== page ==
PVC Chicken Feeder

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Introduction: PVC Chicken Feeder

About: Warthog-faced buffoon.

We wanted a lot from our chicken feeder: it had to be easy to fill, hard to spill, safe from non-chicken life forms, weather resistant, easy to make, and inexpensive. We tried a number of other designs that worked to varying degrees, but this was the only one that did all we asked it to. Enjoy!

Step 1: Trial and Error

There are lots of PVC chicken feeders out there, and several folks have gone with a design very similar to this one. But I haven't seen the extra three-inch piece added to the Y connector: without that small extension the chickens managed to spill quite a lot of food, but that three-inch piece cut spillage to almost zero! 

We tried a 180-degree elbow with the edge cut off: the birds were able to eat just fine but they spilled quite a lot, and closing the pipe for waterproofing and rodent-proofing would have required additional engineering. We considered quite a few other variations, but they all had drawbacks; mostly related to spillage and security.

At first the bottom part connected to the "Y" was only three inches long and the birds didn't like that much, so we set it up on a brick and the chickens seemed to like the altitude better, so the final version uses a six-inch length of pipe to place the food where the chickens can easily reach it.

Another way to go (and in response to some reader comments): if you add some kind of plug right at the bottom of the Y, the birds would be able to reach all the food. It will take you more than 3 minutes to assemble, but it would be more efficient. Of course, it's best to use plastic or something else that can be thoroughly cleaned. Most of the plugs I see out there would work, but you'd be back to the height problem (if you're concerned about chicken ergonomics). Easy to fix: just mount the feeder higher. Or: run a long carriage bolt through the base cap (or plug), letting the end stick out and hit the ground, like the spike that sticks out of the bottom of a stand-up bass or cello.

Step 2: Materials, Tools

We settled on three inch PVC pipe: two or four would work, too. The pipe itself normally comes in 10-foot sections, so you can get one of those and make at least three feeders using these dimensions.

-Three inch diameter pipe: 20 inches long. Or more. Or less.
-Three inch diameter pipe: 6 inches long
-Three inch diameter pipe: 3 inches long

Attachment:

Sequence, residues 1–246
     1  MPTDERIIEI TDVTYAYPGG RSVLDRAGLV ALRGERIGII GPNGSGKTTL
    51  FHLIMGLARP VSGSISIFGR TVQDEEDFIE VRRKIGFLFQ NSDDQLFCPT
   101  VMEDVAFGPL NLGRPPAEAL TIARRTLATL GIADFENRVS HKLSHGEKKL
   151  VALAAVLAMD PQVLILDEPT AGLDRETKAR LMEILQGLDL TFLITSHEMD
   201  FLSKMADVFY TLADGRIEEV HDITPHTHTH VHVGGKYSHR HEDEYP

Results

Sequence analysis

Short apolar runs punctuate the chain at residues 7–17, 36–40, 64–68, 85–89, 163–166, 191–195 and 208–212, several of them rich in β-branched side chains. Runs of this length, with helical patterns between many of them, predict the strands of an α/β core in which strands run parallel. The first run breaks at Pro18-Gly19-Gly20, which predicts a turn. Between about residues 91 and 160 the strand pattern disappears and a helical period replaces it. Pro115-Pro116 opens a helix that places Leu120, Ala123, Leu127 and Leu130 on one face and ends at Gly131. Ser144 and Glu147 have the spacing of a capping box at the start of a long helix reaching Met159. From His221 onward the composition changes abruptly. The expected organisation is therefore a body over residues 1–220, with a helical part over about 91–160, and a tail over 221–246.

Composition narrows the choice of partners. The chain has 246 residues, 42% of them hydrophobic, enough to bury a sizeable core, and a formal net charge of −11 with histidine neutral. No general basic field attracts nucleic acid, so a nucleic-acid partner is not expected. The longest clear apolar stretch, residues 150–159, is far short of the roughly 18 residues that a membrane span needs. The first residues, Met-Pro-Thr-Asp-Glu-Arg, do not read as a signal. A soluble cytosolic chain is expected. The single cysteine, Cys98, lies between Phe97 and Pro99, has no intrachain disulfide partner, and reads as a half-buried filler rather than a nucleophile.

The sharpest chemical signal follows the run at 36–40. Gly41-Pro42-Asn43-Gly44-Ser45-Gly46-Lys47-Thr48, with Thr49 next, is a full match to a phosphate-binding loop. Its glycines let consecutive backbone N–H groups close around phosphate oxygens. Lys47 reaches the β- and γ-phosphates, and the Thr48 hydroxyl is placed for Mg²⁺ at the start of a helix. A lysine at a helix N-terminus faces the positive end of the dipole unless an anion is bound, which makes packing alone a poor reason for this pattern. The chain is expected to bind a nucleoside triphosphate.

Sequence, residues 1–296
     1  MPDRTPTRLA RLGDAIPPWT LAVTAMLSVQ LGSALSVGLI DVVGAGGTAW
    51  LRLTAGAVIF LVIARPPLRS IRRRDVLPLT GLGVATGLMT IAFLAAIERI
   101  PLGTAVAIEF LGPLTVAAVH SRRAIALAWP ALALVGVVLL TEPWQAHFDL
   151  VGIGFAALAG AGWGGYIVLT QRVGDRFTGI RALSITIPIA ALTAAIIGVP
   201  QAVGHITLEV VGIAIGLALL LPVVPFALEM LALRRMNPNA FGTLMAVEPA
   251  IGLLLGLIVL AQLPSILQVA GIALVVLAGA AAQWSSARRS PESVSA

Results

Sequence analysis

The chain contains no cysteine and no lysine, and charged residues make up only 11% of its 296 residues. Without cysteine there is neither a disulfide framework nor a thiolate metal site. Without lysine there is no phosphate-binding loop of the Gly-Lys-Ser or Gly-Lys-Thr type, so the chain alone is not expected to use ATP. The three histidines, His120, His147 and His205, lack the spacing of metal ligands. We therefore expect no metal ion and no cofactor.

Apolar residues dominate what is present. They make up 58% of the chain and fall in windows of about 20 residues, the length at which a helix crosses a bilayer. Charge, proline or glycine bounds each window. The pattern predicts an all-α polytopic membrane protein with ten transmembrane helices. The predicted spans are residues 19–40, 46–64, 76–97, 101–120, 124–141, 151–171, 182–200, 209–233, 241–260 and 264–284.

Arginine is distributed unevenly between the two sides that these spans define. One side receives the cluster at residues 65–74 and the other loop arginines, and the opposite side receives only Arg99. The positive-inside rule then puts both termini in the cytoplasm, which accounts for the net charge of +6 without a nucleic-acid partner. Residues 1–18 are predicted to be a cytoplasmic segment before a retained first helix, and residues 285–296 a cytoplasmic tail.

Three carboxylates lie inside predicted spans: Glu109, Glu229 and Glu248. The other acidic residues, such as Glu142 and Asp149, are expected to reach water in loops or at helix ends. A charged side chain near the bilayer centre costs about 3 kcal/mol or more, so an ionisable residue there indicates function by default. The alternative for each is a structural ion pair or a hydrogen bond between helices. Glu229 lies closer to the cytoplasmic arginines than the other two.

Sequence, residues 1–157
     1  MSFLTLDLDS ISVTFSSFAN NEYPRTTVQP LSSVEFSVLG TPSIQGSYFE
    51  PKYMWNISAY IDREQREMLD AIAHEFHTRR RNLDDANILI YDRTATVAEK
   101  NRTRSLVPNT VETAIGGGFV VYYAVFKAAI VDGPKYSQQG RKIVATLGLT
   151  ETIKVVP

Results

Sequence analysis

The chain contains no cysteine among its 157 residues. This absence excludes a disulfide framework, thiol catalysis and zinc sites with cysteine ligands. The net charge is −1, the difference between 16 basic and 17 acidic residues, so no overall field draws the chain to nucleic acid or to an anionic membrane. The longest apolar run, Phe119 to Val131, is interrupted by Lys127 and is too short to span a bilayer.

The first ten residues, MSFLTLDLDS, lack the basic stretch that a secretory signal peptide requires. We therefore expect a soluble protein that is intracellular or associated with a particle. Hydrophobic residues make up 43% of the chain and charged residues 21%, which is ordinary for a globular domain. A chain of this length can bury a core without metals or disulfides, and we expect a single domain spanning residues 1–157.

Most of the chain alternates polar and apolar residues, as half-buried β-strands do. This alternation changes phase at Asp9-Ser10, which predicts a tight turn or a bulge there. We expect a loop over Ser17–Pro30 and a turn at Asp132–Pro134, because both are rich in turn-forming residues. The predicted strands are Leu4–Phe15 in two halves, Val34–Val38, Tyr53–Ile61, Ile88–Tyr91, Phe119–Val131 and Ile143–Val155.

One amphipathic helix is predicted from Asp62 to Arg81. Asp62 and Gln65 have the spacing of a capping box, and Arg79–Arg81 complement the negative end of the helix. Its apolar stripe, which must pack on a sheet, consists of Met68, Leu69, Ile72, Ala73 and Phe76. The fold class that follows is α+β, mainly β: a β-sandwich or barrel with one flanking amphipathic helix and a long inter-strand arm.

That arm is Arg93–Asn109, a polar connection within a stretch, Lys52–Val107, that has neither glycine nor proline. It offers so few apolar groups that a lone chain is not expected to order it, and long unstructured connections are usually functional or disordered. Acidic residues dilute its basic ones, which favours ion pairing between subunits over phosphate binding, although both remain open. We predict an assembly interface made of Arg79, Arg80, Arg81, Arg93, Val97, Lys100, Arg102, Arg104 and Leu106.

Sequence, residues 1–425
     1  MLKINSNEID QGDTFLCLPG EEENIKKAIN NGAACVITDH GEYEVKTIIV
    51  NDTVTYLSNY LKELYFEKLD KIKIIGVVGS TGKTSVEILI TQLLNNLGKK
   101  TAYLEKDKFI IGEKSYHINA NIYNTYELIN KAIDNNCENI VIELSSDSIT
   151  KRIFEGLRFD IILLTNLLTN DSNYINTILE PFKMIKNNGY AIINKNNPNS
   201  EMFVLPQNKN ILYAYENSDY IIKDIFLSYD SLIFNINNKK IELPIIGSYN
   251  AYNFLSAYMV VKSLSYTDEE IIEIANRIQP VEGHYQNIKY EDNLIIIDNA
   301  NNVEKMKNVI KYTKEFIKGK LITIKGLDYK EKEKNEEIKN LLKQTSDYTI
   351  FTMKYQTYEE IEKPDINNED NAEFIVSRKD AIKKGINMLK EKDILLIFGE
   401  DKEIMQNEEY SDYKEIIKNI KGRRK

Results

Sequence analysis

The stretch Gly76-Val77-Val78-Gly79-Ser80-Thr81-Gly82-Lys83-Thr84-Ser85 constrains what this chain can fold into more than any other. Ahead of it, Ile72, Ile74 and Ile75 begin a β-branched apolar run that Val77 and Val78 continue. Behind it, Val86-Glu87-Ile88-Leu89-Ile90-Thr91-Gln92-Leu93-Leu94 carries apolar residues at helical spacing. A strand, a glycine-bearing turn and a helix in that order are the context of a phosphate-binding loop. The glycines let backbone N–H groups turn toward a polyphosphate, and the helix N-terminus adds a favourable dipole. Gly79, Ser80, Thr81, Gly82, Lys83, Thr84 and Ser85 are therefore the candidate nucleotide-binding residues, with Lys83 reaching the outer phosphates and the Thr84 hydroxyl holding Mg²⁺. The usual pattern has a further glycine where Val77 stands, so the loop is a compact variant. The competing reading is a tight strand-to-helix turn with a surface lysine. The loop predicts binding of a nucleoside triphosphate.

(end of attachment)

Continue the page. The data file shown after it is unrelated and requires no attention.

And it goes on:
-45-degree "Y" connector, like this, but this would be quite cool, too.
-Two three-inch PVC caps, like this.

-Hacksaw
-PVC cement

Step 3: Assemble

Assemble according to the image, following the tiny instructions on the label of your PVC cement. Glue only the three pieces that touch the the "Y" splitter and the bottom cap.

That's it.

You're done. 

It only took like three minutes, didn't it?

Let it cure for 24 hours, or until it is no longer stinky.

Actually, you can get by without gluing at all, as long as you're careful when filling and moving: it would be no fun if the bottom cap fell off of a full feeder during transport! But then it would only take like a minute and a half to build, right?

Step 4: Enjoy!

Remove the top cap to fill using a funnel, bungee the feeder to something, and invite the birds!

Place the cap over the opening at night to make the feeder weather- and critter-proof.

UPDATE: To add awesomeness, do what Flodado did:

https://www.instructables.com/id/PVC-Chicken-Feeder-with-Meter/
Cheers!

5 People Made This Project!

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111 Discussions

0
guerroloco
guerroloco

5 years ago on Introduction

After having made & used this feeder for a couple weeks, I'm finding that the gravity feed doesn't work so well with "crumbles" feed. Even though the pipe is capped, humidity & heat causes the feed to clump. I think this design may work better with pellet-style feed.

0
mikecraghead
mikecraghead

Reply 1 year ago

We definitely have had better luck with pellets, both for spillage and clumping.

0
indymedic
indymedic

Reply 4 years ago

Ive never used crumble, pellet only but you might hang a metal chain of some sort down the vertical pipe so you can give it a jiggle when you get clogs. Larger pipe would work best so you can hang a more substantial chain. I use a 4 inch pipe on the outside with a reducer to 2 inch, then two 45 elbows to pass through the wall. Just a thought.

0
VickyK51
VickyK51

Question 1 year ago on Introduction